Josh Laxton currently serves as the Assistant Director of the Billy Graham Center, Lausanne North American Coordinator at Wheaton College, and a co-host of the new podcast, Living in the Land of Oz. He has a Ph.D. in North American Missiology from Southeastern Baptist Theological Seminary.
Another high-profile Christian voiced his decision to “fall away” from faith. To be fair, Marty Sampson did walk back the position, saying that “he hasn’t renounced the faith.” Nevertheless, both Sampson and Josh Harris chose to invite the public in their season of struggle and straying.
As one would imagine, such public displays of de-affection has led to a range of reactions from the social media sphere—support, shock, and outrage, to name just a few. As we all wrestle with such public vulnerability and rawness, we must always begin with prayer for those who are struggling, and those who have laid the proverbial line in the sand regarding their denial of the Christian faith.
As we pray, there are two particular things I believe those secure in the faith can do. First, we can seek to understand why such people fall away. Second, we can discern and devise ways we can strengthen our discipleship environments to allow the full spectrum of seekers and strugglers have safe environments to belong, become, and believe (and keep on believing).
To help our understanding of why people wander or are tempted to wander from the faith, we can look at the Book of Hebrews, which addresses the need for endurance to not fall away and the environment that tempts one to fall away.
The Endurance to Not Fall Away
The writer of Hebrews addresses believers who were undergoing severe persecution to the point that they were tempted to waver in the faith. So the author writes a letter aimed at encouraging them to endure. In Chapter 11, we find the “Hall of Faith”—and these words:
Now faith is the reality of what is hoped for, the proof of what is not seen. For by it our ancestors won God’s approval. By faith we understand that the universe was created by the word of God, so that what is seen was made from things that are not visible. (v. 1–3)
In an environment where people experienced pain and suffering, which ignited feelings that buffeted their faith, the author described the essence of faith. Faith isn’t about the reality of the moment, but on that which is hoped for. Faith is something you believe, even though you cannot tangibly see it nor fully explain it.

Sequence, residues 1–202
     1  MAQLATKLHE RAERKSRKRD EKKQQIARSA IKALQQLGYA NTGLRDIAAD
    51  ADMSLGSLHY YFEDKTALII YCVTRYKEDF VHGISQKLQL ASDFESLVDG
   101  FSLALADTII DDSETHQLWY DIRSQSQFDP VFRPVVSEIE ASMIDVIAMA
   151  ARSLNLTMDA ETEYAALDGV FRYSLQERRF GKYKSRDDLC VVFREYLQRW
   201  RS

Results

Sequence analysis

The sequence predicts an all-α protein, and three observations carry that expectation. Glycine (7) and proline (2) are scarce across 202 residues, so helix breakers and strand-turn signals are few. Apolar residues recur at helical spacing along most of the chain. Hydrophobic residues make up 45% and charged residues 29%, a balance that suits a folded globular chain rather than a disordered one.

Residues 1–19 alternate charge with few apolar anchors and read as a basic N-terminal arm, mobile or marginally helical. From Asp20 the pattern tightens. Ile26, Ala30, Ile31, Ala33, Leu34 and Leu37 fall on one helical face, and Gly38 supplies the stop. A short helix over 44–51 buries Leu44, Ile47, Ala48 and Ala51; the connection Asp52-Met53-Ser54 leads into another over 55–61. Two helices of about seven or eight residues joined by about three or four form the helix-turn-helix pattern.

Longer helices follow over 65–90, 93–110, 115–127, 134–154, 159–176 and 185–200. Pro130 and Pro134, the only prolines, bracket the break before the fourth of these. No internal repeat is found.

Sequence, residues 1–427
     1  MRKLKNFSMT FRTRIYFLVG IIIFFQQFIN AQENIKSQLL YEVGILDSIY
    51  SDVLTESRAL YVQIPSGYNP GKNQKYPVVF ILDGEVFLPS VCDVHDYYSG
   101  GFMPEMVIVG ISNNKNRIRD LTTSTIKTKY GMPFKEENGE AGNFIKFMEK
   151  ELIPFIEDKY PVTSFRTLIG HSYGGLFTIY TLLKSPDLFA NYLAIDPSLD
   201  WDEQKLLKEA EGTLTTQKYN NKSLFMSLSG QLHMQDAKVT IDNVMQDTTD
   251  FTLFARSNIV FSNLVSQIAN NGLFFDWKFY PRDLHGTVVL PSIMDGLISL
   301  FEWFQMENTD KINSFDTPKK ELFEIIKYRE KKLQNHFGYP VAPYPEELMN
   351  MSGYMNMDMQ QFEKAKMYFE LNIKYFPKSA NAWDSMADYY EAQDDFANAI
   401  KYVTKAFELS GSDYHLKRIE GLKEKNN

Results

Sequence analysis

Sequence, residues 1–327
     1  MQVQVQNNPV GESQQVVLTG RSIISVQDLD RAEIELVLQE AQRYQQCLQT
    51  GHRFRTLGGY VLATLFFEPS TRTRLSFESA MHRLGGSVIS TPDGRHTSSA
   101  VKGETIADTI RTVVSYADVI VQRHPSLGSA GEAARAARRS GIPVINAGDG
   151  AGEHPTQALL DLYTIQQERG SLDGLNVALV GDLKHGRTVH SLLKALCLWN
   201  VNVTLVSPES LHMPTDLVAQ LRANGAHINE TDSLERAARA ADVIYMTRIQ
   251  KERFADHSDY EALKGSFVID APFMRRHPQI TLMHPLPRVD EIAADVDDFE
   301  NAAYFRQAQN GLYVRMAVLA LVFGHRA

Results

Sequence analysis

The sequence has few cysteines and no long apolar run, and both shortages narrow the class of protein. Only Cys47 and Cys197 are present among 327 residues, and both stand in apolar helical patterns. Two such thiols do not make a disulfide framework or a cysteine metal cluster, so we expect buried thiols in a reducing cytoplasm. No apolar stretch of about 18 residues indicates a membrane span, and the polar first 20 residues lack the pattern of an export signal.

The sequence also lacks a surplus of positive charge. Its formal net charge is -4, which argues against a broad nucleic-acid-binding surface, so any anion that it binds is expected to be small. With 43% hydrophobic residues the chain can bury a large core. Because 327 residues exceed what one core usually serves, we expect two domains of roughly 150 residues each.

And it is faith that receives the approval of God.
After briefly describing the essence of faith, the author moves to provide examples of Old Testament saints who exercised faith. Abraham, for example, was told by a God he just met to leave his hometown and go to “a place” that this God would show him. And he went!
Although Abraham is a fallen and flawed individual with a roller-coaster life of obedience and disobedience, he had a fixated faith. He believed God. Not only did he believe God—which was accounted as righteousness—but he believed he was moving towards a city built and established by God.
God wired all of us in a very complex pattern of mind, heart, spirit. All of us have emotions we feel. But faith is not about fixating your mind on the feelings of the moment, but on directing your heart towards the promised future. Many of those who have followed God had to discover this reality:
- Take Abraham, who lied to Pharaoh when he felt afraid.
- Sarah felt desperate and told Abraham to sleep with Hagar.
- Moses killed an Egyptian when he felt indignation.
But each of them overcame their doubts, fears, and anger and continued on living faithful and faith-filled lives towards the future promise. And what was the future promise? Jesus. The Son of God who is higher than the angels, greater than Moses, instituter of a superior covenant, the perfect sacrifice for sin, the King of the unshakeable kingdom, and the steadfast anchor of the soul.
For the Old Testament saints, fixating their eyes on the future promise balanced their lives when buffeted by feelings of doubt, anxiety, and fear. And just to think that the author of Hebrews describes the New Testament saints having been provided something better (Heb. 11:40)!
The bottom line is that when our lives are centered around feelings, they become shaky; but when our lives are centered around faith in Christ, they become secure.
Click here to read more.
Source: Christianity Today